The Stony Brook football team produced a season-high six turnovers — four fumbles and two interceptions — in its 27-14 slaughtering of the Richmond Spiders this past weekend, and could have had two more picks if not for drops by their defensive backs.
Even more impressively, they allowed the Spiders to convert just two of their 13 third downs, holding them scoreless until the third quarter.
The Seawolves (3-5, 2-3 CAA) are quietly emerging as a legitimate force on defense after allowing 27 points in each of their first two conference matchups. They showed their potential weeks ago by holding then-No. 4 Oregon to 17 points in the first half of their Sept. 18 matchup. Now, in its last three games, Stony Brook has allowed an average of 17 points and 311 total yards.
The defensive line was a standout on Saturday. The Seawolves sacked Richmond quarterback Joe Mancuso twice and held the Spiders to 106 rushing yards — the lowest total Stony Brook has allowed against a conference opponent this season. They are allowing an average of 124.3 rushing yards per game, good for fifth in the Colonial Athletic Association (CAA).
But the Seawolves’ dropped interceptions cost their secondary on the stat sheet. Richmond’s 217 passing yards were well above their season average and Mancuso did not look fully healthy coming off a broken right index finger that cost him four weeks.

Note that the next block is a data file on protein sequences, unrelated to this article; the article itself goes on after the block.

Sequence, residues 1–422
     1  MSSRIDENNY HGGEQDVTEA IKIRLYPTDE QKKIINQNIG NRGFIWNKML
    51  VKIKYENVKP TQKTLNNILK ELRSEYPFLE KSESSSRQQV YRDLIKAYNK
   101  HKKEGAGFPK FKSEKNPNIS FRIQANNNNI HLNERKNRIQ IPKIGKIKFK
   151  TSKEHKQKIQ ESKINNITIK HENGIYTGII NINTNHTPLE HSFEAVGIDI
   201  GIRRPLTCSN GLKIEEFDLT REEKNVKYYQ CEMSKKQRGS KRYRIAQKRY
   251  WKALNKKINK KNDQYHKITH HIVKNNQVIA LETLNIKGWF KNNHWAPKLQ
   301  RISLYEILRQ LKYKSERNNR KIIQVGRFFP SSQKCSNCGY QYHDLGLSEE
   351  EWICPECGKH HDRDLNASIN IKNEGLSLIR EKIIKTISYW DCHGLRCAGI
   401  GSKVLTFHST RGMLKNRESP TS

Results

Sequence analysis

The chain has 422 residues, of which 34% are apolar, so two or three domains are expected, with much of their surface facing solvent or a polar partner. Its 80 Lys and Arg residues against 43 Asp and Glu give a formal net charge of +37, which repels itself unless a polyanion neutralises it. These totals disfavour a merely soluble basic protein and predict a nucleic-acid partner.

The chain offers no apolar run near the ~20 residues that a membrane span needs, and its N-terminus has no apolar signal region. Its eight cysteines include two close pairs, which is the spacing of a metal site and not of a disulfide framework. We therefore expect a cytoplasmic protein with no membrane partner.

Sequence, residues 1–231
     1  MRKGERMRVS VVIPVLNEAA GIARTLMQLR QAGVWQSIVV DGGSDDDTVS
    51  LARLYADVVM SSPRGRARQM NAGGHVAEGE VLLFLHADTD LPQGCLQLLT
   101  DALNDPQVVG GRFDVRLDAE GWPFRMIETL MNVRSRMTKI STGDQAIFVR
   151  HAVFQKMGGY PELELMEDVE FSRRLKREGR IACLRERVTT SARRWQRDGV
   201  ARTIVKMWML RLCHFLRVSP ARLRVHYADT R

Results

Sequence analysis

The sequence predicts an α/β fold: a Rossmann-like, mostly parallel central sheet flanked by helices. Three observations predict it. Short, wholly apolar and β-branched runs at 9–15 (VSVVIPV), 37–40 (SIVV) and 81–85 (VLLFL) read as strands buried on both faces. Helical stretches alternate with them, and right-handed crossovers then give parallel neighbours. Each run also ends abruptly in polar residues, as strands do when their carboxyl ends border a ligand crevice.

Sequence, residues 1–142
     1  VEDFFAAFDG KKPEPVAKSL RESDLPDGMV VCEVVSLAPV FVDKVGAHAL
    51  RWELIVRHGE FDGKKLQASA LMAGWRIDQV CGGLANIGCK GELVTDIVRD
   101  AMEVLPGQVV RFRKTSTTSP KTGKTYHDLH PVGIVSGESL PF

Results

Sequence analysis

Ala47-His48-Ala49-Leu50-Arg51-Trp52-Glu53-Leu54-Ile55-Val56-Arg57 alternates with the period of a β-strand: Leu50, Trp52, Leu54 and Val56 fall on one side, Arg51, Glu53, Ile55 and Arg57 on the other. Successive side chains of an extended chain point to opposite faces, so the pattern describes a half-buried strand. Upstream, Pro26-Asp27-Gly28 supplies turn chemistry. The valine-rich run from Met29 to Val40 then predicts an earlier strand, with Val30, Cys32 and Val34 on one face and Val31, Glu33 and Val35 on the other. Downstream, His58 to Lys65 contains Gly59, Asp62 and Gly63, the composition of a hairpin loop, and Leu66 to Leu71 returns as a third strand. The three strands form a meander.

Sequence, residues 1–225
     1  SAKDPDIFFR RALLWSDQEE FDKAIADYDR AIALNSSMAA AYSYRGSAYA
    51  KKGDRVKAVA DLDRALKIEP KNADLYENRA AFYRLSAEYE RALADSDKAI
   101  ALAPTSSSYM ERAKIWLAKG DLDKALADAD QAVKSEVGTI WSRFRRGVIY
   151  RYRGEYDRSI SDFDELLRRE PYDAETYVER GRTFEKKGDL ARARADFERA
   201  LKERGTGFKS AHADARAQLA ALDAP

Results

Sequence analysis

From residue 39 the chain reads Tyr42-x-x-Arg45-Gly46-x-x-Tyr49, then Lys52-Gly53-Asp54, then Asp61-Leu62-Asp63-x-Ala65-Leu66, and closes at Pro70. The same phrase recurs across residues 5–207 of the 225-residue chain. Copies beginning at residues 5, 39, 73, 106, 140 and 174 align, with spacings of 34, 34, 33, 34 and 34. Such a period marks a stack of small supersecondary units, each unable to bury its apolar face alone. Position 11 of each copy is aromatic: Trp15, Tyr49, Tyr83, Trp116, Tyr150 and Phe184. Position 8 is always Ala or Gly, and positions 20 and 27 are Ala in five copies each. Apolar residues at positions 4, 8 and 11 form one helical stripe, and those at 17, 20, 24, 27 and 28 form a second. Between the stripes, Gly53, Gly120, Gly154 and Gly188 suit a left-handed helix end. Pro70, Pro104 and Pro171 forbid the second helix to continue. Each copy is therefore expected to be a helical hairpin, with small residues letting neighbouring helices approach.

Graduate defensive back Carthell Flowers-Lloyd led the secondary with two forced fumbles and 14 total tackles, the most by a Stony Brook player this year. Eight of those were solo tackles, earning him CAA Defensive Player of the Week honors and giving him the second-most solo tackles in the conference.
Stony Brook’s offense looked better than it has all season — at least in the first half. The homecoming crowd went into a frenzy when Stony Brook jogged into the locker room with a 20-0 halftime lead, but the Seawolves produced just seven points the rest of the way.
Graduate quarterback Tyquell Fields finished with 226 yards on 20-for-35 passing and threw two touchdowns for the first time this year. He added a rushing score in the fourth quarter that gave him six on the season — tied for second-most in the CAA by any player, behind only redshirt junior running back Ty Son Lawton’s eight.
Fields, though, struggled at times to connect with redshirt sophomore wide receiver Shawn Harris Jr. Harris was wide open downfield on Stony Brook’s first play from scrimmage, but Fields instead checked the ball down for a four-yard gain. Harris was isolated again in the fourth quarter for what almost certainly would have been a touchdown, but Fields underthrew him and the drive ended in a three-and-out.
Harris finished with three receptions for 71 yards, including a 27-yard touchdown that put Stony Brook up 10-0 in the first quarter.
If not for an interception by redshirt senior defensive back Randy Pringle late in the fourth quarter, Richmond could have cut the score to 27-21, taking advantage of the way the Stony Brook offense slowed down since going up by 20.
Lawton finished with 51 yards on 22 carries — a season-worst 2.3 yards per attempt — and failed to reach the end zone for only the second time this year. Granted, he received little help from an offensive line that often allowed Richmond to initiate first contact behind the line of scrimmage.
Lawton now has 787 rushing yards on the season, nearly 200 more than anyone else in the CAA. That’s already his career-high, and with three games left to go, he is on pace to eclipse 1,000 yards.
The Seawolves, now winners of two in a row, have a bye week this coming Saturday before taking the long trip up to Maine on Nov. 6 as they attempt to end the season on a high note.